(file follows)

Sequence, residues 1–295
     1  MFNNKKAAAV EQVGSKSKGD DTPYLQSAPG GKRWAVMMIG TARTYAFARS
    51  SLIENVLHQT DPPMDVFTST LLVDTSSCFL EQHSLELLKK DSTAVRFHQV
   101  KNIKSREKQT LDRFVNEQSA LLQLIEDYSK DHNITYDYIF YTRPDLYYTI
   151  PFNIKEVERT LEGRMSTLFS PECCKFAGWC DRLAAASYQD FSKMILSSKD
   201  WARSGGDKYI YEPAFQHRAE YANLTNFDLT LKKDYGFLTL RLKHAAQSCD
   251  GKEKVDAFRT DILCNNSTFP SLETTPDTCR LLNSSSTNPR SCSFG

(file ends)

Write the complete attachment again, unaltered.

Sequence, residues 1–295
     1  MFNNKKAAAV EQVGSKSKGD DTPYLQSAPG GKRWAVMMIG TARTYAFARS
    51  SLIENVLHQT DPPMDVFTST LLVDTSSCFL EQHSLELLKK DSTAVRFHQV
   101  KNIKSREKQT LDRFVNEQSA LLQLIEDYSK DHNITYDYIF YTRPDLYYTI
   151  PFNIKEVERT LEGRMSTLFS PECCKFAGWC DRLAAASYQD FSKMILSSKD
   201  WARSGGDKYI YEPAFQHRAE YANLTNFDLT LKKDYGFLTL RLKHAAQSCD
   251  GKEKVDAFRT DILCNNSTFP SLETTPDTCR LLNSSSTNPR SCSFG